Maria: I want to ask you the timing on that because we’ve been talking about understanding exactly what the tax program will look like in the first 100 days but not actually seeing it implemented until later on in the year during budget reconciliation. Are you expecting tax reform to be retroactive to January 1, 2017, Peter?
PN: Maria, I’m here basically a day after one of the most historic days in American political history, which is the killing of the Trans-Pacific Partnership (TPP). I’d like to just focus on that for a minute. That was an historic event in the Oval Office. I was standing there when that pen put that signature on that. It was a great day for American workers. It was a great day for American manufacturers. It was a great day for the auto industry in this country, particularly in states like Michigan and Ohio, which are strong Trump supporters. The TPP would have killed that industry. And what was important about that order, Maria, was that as part of that order President Trump pledged to negotiate with our allies in Asia and around the world on free but fair trade deals. And we’re going to get on with discussions about that as quickly as that pen went across signing that TPP. I think it’s really important – I think it’s a historic event. It should not go unnoticed.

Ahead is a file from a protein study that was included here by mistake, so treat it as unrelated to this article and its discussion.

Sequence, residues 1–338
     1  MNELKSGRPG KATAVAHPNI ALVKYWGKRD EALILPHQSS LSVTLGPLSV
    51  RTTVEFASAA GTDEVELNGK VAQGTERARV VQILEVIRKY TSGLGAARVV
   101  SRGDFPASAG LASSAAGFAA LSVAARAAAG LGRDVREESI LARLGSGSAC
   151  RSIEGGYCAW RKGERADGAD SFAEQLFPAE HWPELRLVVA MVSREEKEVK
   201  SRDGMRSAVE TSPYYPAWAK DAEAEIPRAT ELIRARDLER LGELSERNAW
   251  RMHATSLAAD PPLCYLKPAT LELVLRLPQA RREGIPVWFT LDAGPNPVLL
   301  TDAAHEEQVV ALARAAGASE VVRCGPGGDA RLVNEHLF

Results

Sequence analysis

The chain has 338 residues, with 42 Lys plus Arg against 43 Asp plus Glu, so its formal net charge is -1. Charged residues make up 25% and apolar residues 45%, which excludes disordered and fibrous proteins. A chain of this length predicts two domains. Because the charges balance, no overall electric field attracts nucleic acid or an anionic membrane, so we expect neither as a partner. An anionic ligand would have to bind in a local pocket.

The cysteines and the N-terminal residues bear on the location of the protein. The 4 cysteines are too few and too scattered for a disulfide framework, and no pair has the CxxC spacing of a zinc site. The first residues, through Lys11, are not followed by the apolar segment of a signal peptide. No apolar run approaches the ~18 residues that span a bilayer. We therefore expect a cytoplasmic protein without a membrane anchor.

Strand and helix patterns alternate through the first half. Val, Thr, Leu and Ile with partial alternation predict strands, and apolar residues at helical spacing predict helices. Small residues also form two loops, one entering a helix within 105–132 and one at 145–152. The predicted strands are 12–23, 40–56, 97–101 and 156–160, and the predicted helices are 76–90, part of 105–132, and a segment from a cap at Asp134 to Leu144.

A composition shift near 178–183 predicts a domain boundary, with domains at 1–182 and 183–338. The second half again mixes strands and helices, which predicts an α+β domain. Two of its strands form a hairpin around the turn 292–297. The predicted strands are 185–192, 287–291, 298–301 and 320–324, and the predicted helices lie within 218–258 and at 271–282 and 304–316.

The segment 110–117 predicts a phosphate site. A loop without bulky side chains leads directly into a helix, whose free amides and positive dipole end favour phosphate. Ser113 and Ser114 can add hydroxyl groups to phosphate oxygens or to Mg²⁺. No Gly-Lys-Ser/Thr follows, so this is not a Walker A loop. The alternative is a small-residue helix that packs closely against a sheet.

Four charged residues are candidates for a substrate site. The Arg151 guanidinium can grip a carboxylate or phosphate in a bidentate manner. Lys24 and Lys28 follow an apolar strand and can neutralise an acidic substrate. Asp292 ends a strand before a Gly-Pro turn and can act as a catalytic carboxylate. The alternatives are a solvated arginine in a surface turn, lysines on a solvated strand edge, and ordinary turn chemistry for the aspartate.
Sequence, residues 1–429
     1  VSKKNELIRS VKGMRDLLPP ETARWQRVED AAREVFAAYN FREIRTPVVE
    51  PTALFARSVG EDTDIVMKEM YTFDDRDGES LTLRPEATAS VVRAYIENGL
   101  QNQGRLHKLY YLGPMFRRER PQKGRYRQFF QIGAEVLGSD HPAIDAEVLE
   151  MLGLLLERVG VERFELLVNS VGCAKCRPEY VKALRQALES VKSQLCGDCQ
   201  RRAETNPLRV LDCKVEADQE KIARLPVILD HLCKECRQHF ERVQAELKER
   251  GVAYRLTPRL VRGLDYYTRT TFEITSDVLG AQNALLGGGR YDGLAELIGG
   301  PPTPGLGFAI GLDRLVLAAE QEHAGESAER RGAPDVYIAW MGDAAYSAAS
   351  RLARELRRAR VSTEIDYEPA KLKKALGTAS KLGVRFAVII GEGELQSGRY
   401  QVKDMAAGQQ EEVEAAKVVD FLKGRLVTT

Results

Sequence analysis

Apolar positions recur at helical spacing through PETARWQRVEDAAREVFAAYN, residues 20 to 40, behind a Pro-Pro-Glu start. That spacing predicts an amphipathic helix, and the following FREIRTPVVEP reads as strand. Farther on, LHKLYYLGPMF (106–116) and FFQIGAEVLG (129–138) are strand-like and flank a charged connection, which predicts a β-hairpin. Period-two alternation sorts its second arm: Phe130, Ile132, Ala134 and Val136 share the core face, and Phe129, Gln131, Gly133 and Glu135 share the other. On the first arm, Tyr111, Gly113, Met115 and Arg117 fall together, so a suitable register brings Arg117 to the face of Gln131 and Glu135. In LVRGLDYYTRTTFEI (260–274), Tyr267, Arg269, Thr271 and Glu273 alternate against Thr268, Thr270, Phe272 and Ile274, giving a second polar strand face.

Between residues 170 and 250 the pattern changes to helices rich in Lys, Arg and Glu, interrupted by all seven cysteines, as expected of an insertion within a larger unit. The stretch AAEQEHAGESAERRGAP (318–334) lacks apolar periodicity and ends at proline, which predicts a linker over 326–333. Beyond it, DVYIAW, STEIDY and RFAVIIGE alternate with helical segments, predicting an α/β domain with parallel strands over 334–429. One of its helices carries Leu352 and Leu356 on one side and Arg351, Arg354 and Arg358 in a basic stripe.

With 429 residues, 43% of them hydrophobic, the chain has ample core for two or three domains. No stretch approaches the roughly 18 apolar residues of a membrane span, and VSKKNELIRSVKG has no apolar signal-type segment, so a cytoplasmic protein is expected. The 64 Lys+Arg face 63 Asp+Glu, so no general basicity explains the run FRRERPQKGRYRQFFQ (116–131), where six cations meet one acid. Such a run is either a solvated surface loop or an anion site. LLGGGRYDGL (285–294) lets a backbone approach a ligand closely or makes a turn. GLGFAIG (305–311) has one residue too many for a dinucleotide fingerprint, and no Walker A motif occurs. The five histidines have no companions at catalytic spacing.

Maria: Absolutely, and I was going to bring that up after the tax reform question but let me stay here and put tax reform aside for a second because he signed three executive orders, including scrapping the U.S.’s involvement in TPP. I watched you standing there watching him sign it. And I know, you know, this was also partly, a success for you, because you worked so hard on this work and doing better trade deals. What do you want these trade deals to look like? I mean, when you actually say, “Okay, we want to do bilateral deals.” How will trade change and look different in the coming year or two when we’re not looking at big deals with several different countries?